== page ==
The Road to Smart Machining
The history of modern metrology can in a sense be tracking the movement of part measurement from distant metrology equipment to as close as possible to the production equipment itself—culminating with the ability to measure the part with the
production equipment itself. External coordinate measuring machines (CMMs) have become faster and more accurate over time, but require the removal of a part from, say, a machining center, placement in the CMM, and, when necessary, a return to a machining center for further work. These steps take time and introduce new opportunities for human or automation equipment error to creep in. This remains true even though some CMMs themselves have become smaller and portable enough to be adjacent to the machining center.
Another method of measurement is the use of dedicated gages that can be used to very quickly collect measurement data directly on the shop floor. These gages provide measurement data at high rates and are very effective for high-volume production. The disadvantage is their lack of flexibility: Designed for a single part, they are expensive to maintain or modify.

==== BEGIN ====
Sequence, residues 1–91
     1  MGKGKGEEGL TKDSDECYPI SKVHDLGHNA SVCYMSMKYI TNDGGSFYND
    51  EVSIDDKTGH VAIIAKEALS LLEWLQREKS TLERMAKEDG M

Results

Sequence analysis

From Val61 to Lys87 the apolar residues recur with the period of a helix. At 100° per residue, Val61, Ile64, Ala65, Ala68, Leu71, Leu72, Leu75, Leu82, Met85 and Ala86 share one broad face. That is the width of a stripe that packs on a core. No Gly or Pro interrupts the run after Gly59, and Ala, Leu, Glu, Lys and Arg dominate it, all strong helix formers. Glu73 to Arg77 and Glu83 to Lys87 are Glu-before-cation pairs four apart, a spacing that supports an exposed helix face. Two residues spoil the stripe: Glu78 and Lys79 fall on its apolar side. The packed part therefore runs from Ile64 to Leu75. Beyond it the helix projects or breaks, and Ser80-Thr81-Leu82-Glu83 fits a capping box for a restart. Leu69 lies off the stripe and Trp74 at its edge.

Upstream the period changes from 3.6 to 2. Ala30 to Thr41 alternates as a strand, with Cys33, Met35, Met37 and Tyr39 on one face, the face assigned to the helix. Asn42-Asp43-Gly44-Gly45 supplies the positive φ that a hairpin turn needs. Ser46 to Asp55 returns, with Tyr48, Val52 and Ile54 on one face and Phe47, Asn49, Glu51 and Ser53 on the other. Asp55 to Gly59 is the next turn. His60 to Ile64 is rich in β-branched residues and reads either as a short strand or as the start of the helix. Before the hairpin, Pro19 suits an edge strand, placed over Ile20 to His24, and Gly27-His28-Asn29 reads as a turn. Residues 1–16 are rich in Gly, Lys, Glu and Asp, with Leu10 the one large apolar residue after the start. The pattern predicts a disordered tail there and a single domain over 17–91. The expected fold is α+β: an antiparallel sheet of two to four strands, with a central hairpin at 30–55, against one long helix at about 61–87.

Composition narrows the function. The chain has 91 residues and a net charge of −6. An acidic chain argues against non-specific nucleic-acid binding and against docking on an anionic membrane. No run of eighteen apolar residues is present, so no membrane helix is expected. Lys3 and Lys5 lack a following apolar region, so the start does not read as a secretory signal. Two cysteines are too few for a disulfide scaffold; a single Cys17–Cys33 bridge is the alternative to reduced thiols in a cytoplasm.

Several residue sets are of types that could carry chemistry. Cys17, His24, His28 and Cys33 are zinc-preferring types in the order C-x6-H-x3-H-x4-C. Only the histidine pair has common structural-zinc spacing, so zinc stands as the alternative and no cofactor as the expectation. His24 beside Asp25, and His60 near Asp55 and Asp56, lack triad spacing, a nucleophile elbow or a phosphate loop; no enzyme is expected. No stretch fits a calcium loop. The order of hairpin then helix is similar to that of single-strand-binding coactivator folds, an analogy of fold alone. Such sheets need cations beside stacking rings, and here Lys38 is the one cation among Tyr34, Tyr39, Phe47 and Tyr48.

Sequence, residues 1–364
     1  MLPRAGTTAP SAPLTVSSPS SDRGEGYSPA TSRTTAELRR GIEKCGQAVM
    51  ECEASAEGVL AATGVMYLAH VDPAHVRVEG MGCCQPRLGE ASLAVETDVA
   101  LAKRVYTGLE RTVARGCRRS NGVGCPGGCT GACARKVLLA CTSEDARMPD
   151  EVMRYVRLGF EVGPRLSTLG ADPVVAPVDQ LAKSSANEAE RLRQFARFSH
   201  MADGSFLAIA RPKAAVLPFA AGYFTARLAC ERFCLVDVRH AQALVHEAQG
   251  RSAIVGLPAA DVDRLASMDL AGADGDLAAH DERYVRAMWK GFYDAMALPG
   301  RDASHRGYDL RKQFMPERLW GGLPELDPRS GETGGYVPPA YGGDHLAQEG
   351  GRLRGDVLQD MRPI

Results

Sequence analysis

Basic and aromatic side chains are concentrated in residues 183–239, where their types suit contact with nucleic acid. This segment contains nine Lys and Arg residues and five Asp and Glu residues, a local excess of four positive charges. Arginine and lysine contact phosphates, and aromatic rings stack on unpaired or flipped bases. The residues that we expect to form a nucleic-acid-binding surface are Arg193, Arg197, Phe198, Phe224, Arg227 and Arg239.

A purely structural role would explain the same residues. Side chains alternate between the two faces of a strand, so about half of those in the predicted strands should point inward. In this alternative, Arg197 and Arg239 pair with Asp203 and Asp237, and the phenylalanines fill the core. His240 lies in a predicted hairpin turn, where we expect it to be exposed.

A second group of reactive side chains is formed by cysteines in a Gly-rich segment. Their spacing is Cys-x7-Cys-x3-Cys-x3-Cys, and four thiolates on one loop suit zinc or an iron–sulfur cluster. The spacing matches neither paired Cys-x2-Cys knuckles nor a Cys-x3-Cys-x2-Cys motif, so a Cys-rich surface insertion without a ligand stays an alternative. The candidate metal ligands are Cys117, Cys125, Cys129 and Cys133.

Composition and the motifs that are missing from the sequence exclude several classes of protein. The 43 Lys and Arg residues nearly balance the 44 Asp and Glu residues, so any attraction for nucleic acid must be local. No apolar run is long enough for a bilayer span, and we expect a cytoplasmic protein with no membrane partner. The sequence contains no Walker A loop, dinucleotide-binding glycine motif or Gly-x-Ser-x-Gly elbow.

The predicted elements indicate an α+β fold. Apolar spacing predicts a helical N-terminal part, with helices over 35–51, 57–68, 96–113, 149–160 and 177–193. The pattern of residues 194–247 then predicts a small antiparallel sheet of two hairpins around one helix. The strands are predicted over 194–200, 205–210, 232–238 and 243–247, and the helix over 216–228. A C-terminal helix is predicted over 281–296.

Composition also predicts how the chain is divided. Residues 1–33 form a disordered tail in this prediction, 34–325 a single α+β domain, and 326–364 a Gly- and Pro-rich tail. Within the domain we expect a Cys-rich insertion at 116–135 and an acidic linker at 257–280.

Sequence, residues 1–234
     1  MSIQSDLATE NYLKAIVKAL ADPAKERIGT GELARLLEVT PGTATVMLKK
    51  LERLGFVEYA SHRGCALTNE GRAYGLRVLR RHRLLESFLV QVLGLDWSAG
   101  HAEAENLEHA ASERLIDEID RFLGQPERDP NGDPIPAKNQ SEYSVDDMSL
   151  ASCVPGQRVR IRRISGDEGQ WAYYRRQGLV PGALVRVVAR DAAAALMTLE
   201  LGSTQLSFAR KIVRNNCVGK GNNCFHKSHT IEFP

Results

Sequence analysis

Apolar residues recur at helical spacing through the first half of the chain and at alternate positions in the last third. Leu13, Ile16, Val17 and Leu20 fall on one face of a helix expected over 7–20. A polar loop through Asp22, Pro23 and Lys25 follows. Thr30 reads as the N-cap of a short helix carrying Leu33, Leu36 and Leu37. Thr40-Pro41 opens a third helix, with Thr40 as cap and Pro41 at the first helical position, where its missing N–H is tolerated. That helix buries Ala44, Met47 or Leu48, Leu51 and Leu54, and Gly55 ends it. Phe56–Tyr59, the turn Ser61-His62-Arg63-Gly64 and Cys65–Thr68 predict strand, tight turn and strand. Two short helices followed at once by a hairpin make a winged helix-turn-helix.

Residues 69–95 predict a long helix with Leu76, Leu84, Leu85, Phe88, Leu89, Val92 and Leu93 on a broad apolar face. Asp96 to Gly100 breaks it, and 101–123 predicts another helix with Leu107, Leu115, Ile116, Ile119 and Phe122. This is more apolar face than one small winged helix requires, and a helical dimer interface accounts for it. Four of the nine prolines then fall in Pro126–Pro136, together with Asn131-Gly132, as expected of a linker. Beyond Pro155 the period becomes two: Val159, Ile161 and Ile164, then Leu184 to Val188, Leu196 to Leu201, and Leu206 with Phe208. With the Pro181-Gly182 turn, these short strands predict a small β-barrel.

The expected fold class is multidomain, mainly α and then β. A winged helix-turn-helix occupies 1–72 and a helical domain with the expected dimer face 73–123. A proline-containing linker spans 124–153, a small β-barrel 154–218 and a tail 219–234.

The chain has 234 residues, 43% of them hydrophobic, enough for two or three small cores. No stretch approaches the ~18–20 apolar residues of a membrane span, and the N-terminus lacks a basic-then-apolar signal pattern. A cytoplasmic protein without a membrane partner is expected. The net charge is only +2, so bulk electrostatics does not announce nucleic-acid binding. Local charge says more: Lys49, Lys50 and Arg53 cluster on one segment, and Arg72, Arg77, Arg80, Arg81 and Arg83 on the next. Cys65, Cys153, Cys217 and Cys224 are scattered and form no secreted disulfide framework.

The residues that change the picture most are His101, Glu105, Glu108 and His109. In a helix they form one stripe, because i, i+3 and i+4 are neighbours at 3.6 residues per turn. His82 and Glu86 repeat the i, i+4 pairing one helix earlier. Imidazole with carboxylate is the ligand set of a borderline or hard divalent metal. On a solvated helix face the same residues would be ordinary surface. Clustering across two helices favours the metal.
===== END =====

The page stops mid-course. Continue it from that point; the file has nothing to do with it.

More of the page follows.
More recently, advanced measurement software—such as CappsNC from, my company, AAT—enables machine tools themselves to perform measurements like a CMM. Offline programming with virtual machine models and using CAD part models allow the machine tool to be programmed to perform complex measurement and reporting tasks, including multi-datum profile and true position analysis. This information can immediately be used to improve the machining process by adapting various machining parameters such as work offsets and tool offsets. Realistic program simulations, collision avoidance and optimum measurement path generations for multiple geometric features makes it very easy to program and flexible to make changes for any type of machine tool configurations. This ultimately enables a very easy method of quickly generating metrology data directly at the production source.